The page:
my son was a baby and he was playing and I was doing some work on this side. I was just, you know, like he's over in this area and I'm doing my thing and I looked over and he had a pile of orange toys and I was like, what you're doing? Um Because they're so weird, what are you doing it? And I thought to myself, wait a second. He's, he's not even a year old and he's able to sort things by color. That is interesting. And I was like a lot of science in the beginning is pretty categorical. Is this, is this an atom, where is this a molecule? Is this a pure substance? Or is this a mixture? And you go um and it's like, mm I wonder how many of these things are like that. So I started to like just map it out in a power point slide, oddly enough, because I didn't have the pictures and I had yet. I just had the idea. So I mapped these out and I thought which of these is not like the other is a fun game the kids play and why not use science in those and we could use their real toys. And so I did market research of looking at every book that's out there in the, in the field. And I felt like it was pretty, it was it was a niche market where it was like for nerds babies, it was, if you're a scientist or a doctor, these books are for your kids. And I remember thinking, well I want this to be for everybody. So let's game and said.
Um, so I'm always trying to find a new way to teach something. So finding a phenomenon that could be explained using something that we teach high schoolers, I just wanted to be authentic um, and not me trying to be hip and cool and trying to make it sound need to them, but like this is an actual thing, What do you think is happening? You know, and whether it's super interesting or not that is up to each kid, but I think that it's the fact that it's a real thing and that you don't know the answer and you have to figure some stuff out to get to it. I think that that's, that's really fun. So I love coming up with new ideas and whenever there's a new item format that comes out like a, I can't say some of them because they're proprietary in things ever. There's a new item format that comes out at a company. I love coming up with the coolest way to use it, always going back and forth with the developers like, hey, could I use it in this way? Because I think that would be really cool, you know? Um, and so it's, it's a lot of fun.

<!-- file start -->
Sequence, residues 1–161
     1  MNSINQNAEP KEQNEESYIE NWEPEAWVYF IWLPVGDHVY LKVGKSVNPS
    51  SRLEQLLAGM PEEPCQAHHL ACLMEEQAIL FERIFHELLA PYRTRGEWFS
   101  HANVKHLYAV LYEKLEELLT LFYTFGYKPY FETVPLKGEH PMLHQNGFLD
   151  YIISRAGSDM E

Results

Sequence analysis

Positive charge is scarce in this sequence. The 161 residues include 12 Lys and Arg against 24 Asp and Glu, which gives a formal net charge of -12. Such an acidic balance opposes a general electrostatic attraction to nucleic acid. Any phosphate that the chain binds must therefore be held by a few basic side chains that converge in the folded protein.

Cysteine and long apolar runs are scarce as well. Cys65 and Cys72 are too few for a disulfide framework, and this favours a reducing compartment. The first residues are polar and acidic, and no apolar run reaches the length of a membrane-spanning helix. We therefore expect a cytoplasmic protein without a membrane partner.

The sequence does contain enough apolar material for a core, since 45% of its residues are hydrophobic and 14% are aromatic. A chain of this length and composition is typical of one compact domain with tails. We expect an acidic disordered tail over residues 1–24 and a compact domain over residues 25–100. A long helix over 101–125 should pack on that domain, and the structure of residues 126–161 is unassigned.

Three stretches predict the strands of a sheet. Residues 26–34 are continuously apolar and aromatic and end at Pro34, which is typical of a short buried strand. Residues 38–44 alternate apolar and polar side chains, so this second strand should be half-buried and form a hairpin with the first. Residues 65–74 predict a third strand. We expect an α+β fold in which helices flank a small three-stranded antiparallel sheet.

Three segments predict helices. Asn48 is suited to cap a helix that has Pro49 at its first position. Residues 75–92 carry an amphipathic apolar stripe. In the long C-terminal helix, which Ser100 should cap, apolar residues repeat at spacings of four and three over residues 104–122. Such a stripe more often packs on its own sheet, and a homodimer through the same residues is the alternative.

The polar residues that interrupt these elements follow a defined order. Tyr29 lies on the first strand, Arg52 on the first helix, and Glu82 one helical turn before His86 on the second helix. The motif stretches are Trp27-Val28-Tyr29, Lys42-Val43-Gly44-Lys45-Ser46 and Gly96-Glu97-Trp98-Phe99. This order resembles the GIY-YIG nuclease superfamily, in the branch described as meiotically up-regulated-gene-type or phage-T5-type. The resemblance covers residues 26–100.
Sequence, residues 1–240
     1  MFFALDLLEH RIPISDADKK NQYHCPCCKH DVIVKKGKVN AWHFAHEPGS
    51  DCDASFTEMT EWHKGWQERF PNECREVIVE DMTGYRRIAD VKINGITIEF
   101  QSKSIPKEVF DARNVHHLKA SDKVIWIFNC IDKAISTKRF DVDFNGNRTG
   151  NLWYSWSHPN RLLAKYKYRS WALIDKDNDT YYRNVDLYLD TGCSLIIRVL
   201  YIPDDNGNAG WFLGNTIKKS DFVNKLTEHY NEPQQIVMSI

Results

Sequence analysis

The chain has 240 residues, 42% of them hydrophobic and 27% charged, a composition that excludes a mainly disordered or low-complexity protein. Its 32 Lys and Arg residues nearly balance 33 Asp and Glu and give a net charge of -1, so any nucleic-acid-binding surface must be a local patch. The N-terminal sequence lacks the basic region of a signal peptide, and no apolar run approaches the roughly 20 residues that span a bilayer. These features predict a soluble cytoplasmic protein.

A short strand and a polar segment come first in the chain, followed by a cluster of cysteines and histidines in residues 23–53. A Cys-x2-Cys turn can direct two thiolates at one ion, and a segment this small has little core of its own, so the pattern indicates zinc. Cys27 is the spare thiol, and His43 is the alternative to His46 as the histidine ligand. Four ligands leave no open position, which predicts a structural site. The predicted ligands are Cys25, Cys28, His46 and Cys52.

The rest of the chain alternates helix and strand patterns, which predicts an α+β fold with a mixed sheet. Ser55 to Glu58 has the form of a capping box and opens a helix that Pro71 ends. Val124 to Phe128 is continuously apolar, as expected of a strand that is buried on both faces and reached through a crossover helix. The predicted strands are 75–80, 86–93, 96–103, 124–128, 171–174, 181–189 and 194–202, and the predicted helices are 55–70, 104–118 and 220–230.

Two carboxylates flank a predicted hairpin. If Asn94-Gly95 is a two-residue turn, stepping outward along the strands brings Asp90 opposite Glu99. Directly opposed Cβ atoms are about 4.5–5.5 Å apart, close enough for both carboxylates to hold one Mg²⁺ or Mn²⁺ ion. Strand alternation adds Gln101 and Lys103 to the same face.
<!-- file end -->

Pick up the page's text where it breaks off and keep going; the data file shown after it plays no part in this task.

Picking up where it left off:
Yeah, there are a few, like the example of boiling water that you need to see the molecular level of it to understand it. Because when you boil water and it disappears, you what are you going to use to back up what you're doing, you know? Um And so if with the molecular way of showing it we in in the chemistry curriculum there was a simulation with hydrogen peroxide getting heated and one with water being heated and the listening to the kids talk about those two things. Solidified chemical physical change for them. And I love that example is my favorite. I go back to it all the time. Okay, so tell me that example, like how does that work? Yeah, so hydrogen peroxide when it's heated, decomposes into oxygen gas and hydrogen gas. And so that is an example of yeah, chemical change and it is something new has happened. Um But with the water when you heat it up, those water molecules are all still there and they're still water molecules, it is just now a gas. Um and so that shows the kids, but when it disappeared, you can't see it, but it's still water. It has not changed into something else. And it was because they look so similar and that's another case of the students not they're learning about atoms and how H. 202 is different than H 20. And so like even getting at that, so it was just so many different levels to see that happening. And that one of my other favorite part, I just love that simulation. Um One of the other things I liked about it was that it's the probability of atoms hitting each other. So when I was going to chemistry, I thought that this plus this equals that. So they're going to hit each other in their hands, but that's not at all. It has to happen with enough energy and it has to happen at the right angle and like there's a lot of stuff to it. So it actually built that probability and and sometimes you would see the same molecule break into something else in a different simulation, you know, so it might go back and forth with equilibrium and like that. So the visual component, I think helped a lot of kids. Absolutely. Lab helps obviously for some, um, but for some it might just re establish some misconception they have if you're not also looking at molecular level. So that was just so cool to watch.